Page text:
To summarize the two links above, Muslim taxi drivers at the Minnesota airport have refused to transport people carrying alcohol or using guide dogs (dogs, like pigs, are considered unclean by Muslims), and in some Minnesota supermarkets, Muslim checkers refuse to swipe pork products like bacon. Either the customer must swipe the offending item past the bar-code readers, or another checker is called over to do the job. I have to wonder why Muslims have chosen these jobs if they see a fundamental conflict between carrying out their duties and obeying the tenets of their faith. As pointed out above, you’re not going to find too many Mormon bartenders because most Mormons would see philosophical conflicts between their beliefs and the job requirements. A cab driver’s job is to drive passengers from place to place, be safe and courteous, and collect a fare. If he believes his religion forbids him from picking up certain people even if they can pay the fare, why is he even in that business? Likewise, a cashier’s job is to ring up customers’ purchases. If she cannot or will not handle certain purchases because of religious constraints, why did she choose to take that job? If I’m hired to dig ditches, but I can’t perform the job requirements, why am I in that business? To quote Frank Waturi from Joe Versus the Volcano, “I know he can get the job, but can he do the job?” That’s pretty much the question every employer has to ask about a possible new hire. And if the answer is, “He can’t do the whole job because his religion forbids him from doing it,” why is that person even trying for the job?
If these Minnesota Muslim cabbies and checkers were refusing to serve because of some universal Muslim tenet of faith, I could better understand their commitment. However, based on the articles being written, these incidents appear to be happening only in Minnesota. Muslim cabbies and cashiers who live elsewhere seem to have no problem with transporting customers carrying alcohol or swiping pork-based items at the checkout stand. So what exactly is going on? I suspect it has something to do with the social practices of Muslim groups in Minnesota. Remember the “flying imams” who were kicked off their flight because of their peculiar behavior? That was in the Minnesota airport. The imams in question had just attended a gathering in Minneapolis, and I suspect their unusual actions in the airport were triggered by something that took place in that meeting.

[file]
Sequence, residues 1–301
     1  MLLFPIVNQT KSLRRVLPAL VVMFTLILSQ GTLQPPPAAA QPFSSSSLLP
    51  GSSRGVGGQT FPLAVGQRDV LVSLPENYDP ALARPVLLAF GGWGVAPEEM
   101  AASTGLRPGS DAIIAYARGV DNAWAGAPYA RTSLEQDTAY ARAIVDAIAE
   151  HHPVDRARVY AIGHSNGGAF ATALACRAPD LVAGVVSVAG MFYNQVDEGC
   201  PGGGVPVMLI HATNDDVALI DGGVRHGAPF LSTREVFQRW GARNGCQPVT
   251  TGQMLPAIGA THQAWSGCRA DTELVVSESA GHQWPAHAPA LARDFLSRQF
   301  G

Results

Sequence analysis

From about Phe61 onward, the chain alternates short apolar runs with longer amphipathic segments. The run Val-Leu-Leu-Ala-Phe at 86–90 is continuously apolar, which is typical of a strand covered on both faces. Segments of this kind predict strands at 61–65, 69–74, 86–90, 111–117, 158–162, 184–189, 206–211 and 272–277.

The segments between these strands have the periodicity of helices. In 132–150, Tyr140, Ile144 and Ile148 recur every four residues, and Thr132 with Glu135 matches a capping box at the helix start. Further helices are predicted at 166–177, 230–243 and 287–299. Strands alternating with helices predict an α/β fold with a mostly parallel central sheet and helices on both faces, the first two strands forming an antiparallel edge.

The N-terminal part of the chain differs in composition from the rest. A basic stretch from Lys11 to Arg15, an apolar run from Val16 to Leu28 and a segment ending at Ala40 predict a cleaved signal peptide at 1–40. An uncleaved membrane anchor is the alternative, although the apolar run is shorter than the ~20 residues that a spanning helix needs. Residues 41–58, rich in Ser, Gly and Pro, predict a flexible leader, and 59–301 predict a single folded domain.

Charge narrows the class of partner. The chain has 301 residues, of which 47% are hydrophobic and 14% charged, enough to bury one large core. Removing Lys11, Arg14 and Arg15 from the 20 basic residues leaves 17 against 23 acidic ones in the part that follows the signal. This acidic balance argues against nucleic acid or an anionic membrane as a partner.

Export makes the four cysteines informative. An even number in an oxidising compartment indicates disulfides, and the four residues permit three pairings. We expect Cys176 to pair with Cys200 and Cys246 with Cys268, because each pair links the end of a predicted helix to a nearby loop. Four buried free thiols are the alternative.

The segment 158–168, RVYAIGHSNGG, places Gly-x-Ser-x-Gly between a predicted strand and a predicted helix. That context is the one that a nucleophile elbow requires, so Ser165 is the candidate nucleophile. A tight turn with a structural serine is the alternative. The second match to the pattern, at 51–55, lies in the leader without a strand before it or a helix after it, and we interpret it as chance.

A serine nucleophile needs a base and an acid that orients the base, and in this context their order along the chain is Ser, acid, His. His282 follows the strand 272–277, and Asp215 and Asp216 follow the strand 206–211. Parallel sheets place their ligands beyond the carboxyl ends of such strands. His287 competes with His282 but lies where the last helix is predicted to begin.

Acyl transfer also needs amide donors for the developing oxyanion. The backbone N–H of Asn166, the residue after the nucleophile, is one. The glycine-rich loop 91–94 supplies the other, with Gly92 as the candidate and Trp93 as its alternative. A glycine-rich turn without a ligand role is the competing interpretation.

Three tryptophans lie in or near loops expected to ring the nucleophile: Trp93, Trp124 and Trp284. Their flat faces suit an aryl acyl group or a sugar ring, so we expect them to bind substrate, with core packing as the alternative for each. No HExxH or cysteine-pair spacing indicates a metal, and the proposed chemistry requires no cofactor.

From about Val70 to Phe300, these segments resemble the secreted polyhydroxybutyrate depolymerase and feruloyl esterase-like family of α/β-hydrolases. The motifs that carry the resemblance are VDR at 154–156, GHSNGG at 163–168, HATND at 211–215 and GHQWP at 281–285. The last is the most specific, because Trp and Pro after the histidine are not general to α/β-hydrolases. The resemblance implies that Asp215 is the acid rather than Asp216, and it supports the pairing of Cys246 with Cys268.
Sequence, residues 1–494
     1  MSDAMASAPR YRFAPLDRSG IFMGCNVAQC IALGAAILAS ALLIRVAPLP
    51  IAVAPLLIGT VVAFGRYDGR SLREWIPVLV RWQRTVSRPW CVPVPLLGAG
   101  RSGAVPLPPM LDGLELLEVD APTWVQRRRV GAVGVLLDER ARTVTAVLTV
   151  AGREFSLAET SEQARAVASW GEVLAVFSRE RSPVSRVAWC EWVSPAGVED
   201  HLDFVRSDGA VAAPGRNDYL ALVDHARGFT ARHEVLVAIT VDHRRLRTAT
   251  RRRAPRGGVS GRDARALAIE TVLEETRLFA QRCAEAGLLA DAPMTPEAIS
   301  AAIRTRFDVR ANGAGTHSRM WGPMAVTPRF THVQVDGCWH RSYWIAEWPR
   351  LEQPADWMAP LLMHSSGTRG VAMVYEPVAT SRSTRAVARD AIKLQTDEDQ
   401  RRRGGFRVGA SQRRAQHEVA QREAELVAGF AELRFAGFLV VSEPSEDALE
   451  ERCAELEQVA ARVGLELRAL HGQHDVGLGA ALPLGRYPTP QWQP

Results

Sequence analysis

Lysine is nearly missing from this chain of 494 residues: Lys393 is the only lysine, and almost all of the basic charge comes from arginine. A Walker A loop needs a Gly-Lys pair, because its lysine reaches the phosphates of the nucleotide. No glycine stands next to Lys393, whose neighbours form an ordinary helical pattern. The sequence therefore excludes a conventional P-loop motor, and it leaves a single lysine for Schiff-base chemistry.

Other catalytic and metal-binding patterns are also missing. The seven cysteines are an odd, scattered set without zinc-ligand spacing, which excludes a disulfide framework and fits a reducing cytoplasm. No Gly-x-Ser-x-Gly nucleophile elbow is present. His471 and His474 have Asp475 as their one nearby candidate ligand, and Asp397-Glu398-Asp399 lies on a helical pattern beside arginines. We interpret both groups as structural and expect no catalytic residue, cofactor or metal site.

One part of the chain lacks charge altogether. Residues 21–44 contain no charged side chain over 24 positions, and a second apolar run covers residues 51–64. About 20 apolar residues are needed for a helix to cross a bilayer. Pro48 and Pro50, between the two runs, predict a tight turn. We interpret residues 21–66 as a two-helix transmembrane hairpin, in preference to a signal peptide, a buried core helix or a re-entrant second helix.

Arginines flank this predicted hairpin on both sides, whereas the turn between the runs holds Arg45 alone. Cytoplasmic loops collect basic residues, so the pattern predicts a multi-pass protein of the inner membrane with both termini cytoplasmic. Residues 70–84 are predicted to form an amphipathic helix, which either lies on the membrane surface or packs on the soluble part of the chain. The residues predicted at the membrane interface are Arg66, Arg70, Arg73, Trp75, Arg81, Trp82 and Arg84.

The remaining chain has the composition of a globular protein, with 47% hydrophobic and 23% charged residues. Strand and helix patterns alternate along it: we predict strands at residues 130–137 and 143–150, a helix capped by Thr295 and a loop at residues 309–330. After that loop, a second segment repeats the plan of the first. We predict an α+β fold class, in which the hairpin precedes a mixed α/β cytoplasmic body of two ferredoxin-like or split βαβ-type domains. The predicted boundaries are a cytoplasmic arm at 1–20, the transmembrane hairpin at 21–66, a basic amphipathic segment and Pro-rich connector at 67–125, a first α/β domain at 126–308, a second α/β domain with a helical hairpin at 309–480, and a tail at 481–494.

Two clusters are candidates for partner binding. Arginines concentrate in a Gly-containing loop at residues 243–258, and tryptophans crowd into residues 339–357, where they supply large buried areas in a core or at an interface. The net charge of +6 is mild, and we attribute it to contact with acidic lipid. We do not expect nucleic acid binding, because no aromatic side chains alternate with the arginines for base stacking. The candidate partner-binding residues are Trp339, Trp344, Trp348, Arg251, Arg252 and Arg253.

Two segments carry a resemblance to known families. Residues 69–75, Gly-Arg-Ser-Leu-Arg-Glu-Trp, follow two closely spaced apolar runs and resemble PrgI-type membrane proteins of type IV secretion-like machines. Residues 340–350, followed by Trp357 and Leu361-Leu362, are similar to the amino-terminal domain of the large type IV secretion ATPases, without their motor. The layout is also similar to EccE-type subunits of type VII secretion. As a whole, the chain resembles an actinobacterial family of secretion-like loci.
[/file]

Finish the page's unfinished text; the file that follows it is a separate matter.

This makes three separate incidents in the past few months where Muslims in Minnesota have kicked up a public fuss due to their religious beliefs. I can no longer believe they are merely coincidental. But the next obvious question is: why are they behaving this way? What is the purpose of demonstrating zero-tolerance, in-your-face Islam to non-Muslims? I’m not sure I have a definitive answer, but I do wonder whether we are seeing the first attempt to prepare the United States to accept Shari’a law. If so, the Muslims are taking actions that seem more coercive than persuasive.
UPDATE (4/17/2007 9:34:10 AM): Action is being taken in Minnesota to make sure taxi drivers actually do their job. Based on this report, the Metropolitan Airports Commission has voted for newer and stronger penalties for taxi drivers who refuse to take a fare. They are looking at a 30 day suspension for the first violation and two years for the second violation. Now comes the expected whine of violated rights.
“We see this as a penalty against a group of Americans only for practicing their faith,” said Hassan Mohamud, an imam and an adjunct professor at William Mitchell College of Law.
But Professor, if doing the job right is a violation of their faith, then why are they even taking the job?